The NHS digital data also reveals weight-related hip and knee replacements, normally associated with older people, have been soaring among young adults and people of middle age.
The total number of obese people of all ages having to undergo joint replacements has risen by almost 60 per cent in the past three years to 37,352.
Professor Philip James, past president of the World Obesity Federation, said: “It is shocking.
“These figures also show doctors and surgeons are now waking up to the burden of obesity which is steadily rising.”
He added: “I predict this problem will continue to escalate.
“Obesity rates are rising and the first thing that develops is back and joint pain.
“The wear and tear on joints from obesity is phenomenal.
“The orthopaedic world has to rethink how to cope with increased numbers of patients, including younger patients, who require hip or knee replacements.”
Tam Fry, chairman of the National Obesity Forum, said: “This is tragic.
“Teenagers are still growing and their growth plates are not fused, so a replacement is extremely serious for them.
“Without surgery they might be crippled.
“Obesity is not only causing an increased risk of cancer, heart disease and diabetes but also serious weight‑related joint damage.
“The cost of the obesity epidemic could bankrupt the NHS.”
Ten children aged 10 to 19 have had hip replacements due to excess weight since 2014.
Two more obese children in this age group had knee replacements.
In addition, 86 people in their 20s had hip replacements and 11 had new knees due to weight‑related damage.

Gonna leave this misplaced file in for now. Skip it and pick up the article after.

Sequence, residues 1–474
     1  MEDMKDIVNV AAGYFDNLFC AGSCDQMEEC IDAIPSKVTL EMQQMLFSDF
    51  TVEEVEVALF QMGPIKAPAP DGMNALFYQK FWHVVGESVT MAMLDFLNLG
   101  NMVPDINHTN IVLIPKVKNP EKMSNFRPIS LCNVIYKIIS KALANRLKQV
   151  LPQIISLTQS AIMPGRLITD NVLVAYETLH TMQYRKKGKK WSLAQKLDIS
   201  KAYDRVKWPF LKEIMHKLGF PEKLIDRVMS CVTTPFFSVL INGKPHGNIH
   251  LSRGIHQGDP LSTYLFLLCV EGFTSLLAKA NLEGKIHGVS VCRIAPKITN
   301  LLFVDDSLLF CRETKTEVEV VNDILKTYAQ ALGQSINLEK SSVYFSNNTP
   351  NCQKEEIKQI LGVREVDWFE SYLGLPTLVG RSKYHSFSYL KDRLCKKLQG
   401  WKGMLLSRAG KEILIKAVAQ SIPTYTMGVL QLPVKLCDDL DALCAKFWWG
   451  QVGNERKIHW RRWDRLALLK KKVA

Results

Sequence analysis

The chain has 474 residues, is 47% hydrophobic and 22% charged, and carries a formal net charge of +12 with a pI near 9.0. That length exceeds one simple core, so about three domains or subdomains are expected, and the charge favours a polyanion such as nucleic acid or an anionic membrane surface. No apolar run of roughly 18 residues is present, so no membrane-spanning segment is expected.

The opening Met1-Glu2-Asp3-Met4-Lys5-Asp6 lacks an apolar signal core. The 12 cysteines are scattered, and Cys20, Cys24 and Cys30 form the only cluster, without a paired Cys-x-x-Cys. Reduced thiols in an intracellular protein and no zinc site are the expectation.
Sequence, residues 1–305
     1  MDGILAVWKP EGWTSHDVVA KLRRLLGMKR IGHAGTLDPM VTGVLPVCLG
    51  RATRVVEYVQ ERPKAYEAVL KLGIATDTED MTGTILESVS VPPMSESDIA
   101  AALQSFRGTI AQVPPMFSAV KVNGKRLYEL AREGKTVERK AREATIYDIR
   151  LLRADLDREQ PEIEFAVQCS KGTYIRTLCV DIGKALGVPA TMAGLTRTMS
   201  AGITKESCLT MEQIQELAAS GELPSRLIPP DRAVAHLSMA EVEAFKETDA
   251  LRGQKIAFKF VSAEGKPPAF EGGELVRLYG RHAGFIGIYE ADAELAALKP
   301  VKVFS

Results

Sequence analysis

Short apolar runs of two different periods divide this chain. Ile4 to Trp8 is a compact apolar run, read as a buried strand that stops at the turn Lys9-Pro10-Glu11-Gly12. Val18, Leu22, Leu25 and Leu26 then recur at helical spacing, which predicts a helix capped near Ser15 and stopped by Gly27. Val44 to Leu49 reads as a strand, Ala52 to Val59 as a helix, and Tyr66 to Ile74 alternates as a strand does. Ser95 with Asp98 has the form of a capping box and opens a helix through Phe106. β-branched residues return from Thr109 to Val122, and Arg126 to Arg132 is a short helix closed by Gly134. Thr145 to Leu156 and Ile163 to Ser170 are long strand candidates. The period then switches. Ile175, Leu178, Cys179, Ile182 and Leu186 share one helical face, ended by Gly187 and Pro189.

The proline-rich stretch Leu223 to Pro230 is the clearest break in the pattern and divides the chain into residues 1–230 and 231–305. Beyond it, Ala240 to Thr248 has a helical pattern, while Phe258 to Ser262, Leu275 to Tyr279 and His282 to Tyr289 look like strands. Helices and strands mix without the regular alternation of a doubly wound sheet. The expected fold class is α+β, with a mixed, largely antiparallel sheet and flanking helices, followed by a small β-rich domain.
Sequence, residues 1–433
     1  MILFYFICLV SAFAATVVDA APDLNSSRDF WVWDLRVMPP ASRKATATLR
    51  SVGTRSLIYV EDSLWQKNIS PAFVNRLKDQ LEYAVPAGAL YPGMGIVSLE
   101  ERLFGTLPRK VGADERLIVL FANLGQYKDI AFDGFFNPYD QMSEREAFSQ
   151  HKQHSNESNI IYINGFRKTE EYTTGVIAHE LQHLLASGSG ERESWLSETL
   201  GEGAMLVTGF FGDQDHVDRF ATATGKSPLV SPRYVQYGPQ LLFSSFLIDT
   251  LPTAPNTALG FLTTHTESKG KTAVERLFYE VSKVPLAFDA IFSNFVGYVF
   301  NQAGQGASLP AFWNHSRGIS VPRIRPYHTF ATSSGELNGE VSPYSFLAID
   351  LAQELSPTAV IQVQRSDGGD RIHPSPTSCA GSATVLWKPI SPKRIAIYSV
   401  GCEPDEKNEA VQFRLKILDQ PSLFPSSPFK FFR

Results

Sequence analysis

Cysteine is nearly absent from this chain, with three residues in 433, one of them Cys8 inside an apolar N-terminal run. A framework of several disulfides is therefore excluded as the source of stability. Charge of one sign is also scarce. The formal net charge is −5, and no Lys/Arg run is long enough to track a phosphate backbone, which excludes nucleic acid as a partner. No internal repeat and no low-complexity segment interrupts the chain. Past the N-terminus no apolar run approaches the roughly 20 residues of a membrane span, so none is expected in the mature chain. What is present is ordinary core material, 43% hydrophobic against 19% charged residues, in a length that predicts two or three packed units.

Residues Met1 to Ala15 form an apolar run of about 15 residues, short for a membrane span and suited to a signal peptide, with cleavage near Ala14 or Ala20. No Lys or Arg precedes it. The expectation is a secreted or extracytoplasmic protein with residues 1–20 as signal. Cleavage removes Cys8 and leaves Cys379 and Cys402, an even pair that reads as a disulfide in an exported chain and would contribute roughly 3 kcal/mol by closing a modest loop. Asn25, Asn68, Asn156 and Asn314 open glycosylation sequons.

Weight-related joint replacement surgery is also dramatically increasing among middle-aged adults.
The number of men and women between the ages of 40 and 64 having obesity-related hip replacements has risen almost 20 per cent in the past three years to 4,452.
Over the same time frame obesity-related knee replacements have also risen by almost 50 per cent in the same age group to almost 8,690.
Meanwhile, over the past three years the number of pensioners over 65 having obesity-related hip replacements has almost doubled to 8,906 and those having weight-related knee replacements has risen by 54 per cent to 14,269.
The total number of knee and hip replacements among those classified as obese has spiralled from 23,847 in 2014/15 to 37,352 last year.
Britain has been dubbed the Fat Man of Europe with a quarter of the adult population now obese, having a body mass index – a ratio of weight to height – of 30 or more.
Earlier this month we reported that obese patients are deliberately piling on the pounds to qualify for free NHS weight loss surgery and highlighted new research showing weight-related health problems are costing hospitals more than £2billion a year.
Hospital doctors are now seeing an overweight patient enter their consulting rooms every 15 seconds.